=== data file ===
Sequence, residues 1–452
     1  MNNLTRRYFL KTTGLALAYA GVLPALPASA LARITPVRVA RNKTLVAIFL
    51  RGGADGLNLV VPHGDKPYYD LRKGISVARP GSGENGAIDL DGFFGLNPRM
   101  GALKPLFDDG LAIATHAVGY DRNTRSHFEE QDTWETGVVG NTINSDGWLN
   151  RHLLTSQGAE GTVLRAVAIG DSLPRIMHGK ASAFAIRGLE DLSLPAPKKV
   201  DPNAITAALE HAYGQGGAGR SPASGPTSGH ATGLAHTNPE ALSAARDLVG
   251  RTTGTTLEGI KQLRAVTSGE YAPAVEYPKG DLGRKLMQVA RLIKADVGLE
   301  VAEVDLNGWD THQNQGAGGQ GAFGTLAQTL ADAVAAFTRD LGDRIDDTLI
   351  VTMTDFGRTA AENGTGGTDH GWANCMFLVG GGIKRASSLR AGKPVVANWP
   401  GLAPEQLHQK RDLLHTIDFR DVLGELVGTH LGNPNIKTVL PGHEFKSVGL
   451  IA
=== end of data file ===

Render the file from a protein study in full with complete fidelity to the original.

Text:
Sequence, residues 1–452
     1  MNNLTRRYFL KTTGLALAYA GVLPALPASA LARITPVRVA RNKTLVAIFL
    51  RGGADGLNLV VPHGDKPYYD LRKGISVARP GSGENGAIDL DGFFGLNPRM
   101  GALKPLFDDG LAIATHAVGY DRNTRSHFEE QDTWETGVVG NTINSDGWLN
   151  RHLLTSQGAE GTVLRAVAIG DSLPRIMHGK ASAFAIRGLE DLSLPAPKKV
   201  DPNAITAALE HAYGQGGAGR SPASGPTSGH ATGLAHTNPE ALSAARDLVG
   251  RTTGTTLEGI KQLRAVTSGE YAPAVEYPKG DLGRKLMQVA RLIKADVGLE
   301  VAEVDLNGWD THQNQGAGGQ GAFGTLAQTL ADAVAAFTRD LGDRIDDTLI
   351  VTMTDFGRTA AENGTGGTDH GWANCMFLVG GGIKRASSLR AGKPVVANWP
   401  GLAPEQLHQK RDLLHTIDFR DVLGELVGTH LGNPNIKTVL PGHEFKSVGL
   451  IA